Kyle Kyle - 2 months ago 9x
C Question

Is this behavior of clang standard compliant?

This is going to be a long, language lawyerish question, so I'd like to quickly state why I find it relevant. I am working on a project where strict standard compliance is crucial (writing a language that compiles to C). The example I am going to give seems like a standard violation on the part of clang, and so, if this is the case, I'd like to confirm it.

gcc says that a conditional with a pointer to a restrict qualified pointer can not co-inhabit a conditional statement with a void pointer. On the other hand, clang compiles such things fine. Here is an example program:

#include <stdlib.h>

int main(void){
int* restrict* A = malloc(8);
A ? A : malloc(8);
return 0;

For gcc, the options
may be included or not in any combination, likewise for clang and the options
. In any case, clang compiles with no errors, and gcc gives the following:

tem-2.c: In function ‘main’:
tem-2.c:7:2: error: invalid use of ‘restrict’
A ? A : malloc(8);

The c11 standard says the following with regard to conditional statements, emphasis added:

6.5.15 Conditional operator


  1. One of the following shall hold for the second and third operands:

— both operands have arithmetic type;

— both operands have the same structure or union type;

— both operands have void type;

— both operands are pointers to qualified or unqualified versions of compatible types;

— one operand is a pointer and the other is a null pointer constant; or

one operand is a pointer to an object type and the other is a pointer to a qualified or unqualified version of void.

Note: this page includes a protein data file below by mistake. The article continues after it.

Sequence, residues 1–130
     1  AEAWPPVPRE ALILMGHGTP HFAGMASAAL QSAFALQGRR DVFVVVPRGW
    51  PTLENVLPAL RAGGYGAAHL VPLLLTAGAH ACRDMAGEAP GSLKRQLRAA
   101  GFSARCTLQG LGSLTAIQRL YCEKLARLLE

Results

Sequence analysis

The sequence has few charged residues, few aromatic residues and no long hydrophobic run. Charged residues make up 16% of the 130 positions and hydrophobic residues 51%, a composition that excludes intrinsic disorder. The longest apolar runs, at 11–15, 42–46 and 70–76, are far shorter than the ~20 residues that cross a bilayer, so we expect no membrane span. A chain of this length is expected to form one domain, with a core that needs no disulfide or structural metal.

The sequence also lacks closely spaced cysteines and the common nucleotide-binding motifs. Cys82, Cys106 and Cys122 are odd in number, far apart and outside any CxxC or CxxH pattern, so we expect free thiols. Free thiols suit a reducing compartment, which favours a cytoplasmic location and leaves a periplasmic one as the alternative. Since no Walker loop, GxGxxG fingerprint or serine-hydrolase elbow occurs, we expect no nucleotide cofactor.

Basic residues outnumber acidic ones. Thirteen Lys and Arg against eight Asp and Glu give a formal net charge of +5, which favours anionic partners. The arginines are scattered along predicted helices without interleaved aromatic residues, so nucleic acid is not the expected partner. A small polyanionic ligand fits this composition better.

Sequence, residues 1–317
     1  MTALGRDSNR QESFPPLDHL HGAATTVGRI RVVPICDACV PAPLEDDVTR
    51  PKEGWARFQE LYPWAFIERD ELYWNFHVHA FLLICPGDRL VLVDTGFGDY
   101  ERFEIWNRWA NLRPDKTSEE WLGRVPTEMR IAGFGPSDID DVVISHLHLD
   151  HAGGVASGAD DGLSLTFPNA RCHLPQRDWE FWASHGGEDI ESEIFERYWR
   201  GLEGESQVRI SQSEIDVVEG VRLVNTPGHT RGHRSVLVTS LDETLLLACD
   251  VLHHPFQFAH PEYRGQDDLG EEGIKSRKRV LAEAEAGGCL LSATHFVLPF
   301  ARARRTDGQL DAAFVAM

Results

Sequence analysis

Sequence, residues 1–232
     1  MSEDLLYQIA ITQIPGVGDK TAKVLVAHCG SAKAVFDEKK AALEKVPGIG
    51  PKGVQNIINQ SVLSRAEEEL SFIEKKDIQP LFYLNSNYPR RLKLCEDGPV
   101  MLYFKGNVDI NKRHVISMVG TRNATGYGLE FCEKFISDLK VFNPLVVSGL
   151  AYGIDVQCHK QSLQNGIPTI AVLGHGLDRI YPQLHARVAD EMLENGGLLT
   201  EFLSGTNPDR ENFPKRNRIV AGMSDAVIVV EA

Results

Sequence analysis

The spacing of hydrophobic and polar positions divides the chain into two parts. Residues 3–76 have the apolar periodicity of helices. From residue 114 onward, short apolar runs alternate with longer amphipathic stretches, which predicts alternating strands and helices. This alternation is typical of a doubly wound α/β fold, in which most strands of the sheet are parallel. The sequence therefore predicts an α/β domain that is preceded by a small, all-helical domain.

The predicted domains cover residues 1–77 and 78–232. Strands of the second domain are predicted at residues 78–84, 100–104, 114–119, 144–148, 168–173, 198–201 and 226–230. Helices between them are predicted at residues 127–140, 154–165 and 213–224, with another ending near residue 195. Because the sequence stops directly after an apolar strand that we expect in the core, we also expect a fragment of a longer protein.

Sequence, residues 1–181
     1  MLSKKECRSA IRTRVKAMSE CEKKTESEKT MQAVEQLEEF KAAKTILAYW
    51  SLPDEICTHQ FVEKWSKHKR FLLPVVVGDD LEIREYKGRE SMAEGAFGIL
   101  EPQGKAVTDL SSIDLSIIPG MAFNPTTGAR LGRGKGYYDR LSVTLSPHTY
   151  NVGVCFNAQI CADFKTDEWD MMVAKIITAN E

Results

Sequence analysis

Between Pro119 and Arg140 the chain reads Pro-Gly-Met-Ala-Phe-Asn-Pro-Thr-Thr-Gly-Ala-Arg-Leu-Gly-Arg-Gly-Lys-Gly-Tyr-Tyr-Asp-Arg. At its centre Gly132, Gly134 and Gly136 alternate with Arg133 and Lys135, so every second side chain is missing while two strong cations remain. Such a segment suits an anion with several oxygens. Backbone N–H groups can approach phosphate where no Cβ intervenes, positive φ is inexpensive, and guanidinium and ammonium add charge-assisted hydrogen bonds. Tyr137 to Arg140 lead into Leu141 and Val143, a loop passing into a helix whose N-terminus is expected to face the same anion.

1. If both the second and third operands are pointers or one is a null pointer constant and the
    other is a pointer, the result type is a pointer to a type qualified with all the type qualifiers
    of the types referenced by both operands. Furthermore, if both operands are pointers to
    compatible types or to differently qualified versions of compatible types, the result type is
    a pointer to an appropriately qualified version of the composite type; if one operand is a
    null pointer constant, the result has the type of the other operand; otherwise, one operand
    is a pointer to void or a qualified version of void, in which case the result type is a
    pointer to an appropriately qualified version of void.


The way I see it, the first bold portion above says that the two types can go together, and the second bold portion defines the result to be a pointer to a restrict qualified version of void. However, as the following states, this type can not exist, and so the expression is correctly identified as erroneous by gcc:

6.7.3 Type qualifiers, paragraph 2

Types other than pointer types whose referenced type is an object type shall not be restrict-qualified.

Now, the problem is that a "shall not" condition is violated by this example program, and so is required to produce an error, by the following: Diagnostics, paragraph 1

A conforming implementation shall produce at least one diagnostic message (identified in
an implementation-defined manner) if a preprocessing translation unit or translation unit
contains a violation of any syntax rule or constraint, even if the behavior is also explicitly
specified as undefined or implementation-defined. Diagnostic messages need not be
produced in other circumstances.

It seems clang is not standard compliant by treating an erroneous type silently. That makes me wonder what else clang does silently.

I am using gcc version 5.4.0 and clang version 3.8.0, on an x86-64 Ubuntu machine.


Yes it looks like a bug.

Your question more briefly: can void be restrict qualified? Since void is clearly not a pointer type, the answer is no. Because this violates a constraint, the compiler should give a diagnostic.

I was able to trick clang to confess its sins by using a _Generic expression

puts(_Generic(A ? A : malloc(8), void* : "void*"));

and clang tells me

static.c:24:18: error: controlling expression type 'restrict void *' not compatible with any generic association type
     puts(_Generic(A ? A : malloc(8), void* : "void*"));

which shows that clang here really tries to match a nonsense type restrict void*.

Please file them a bug report.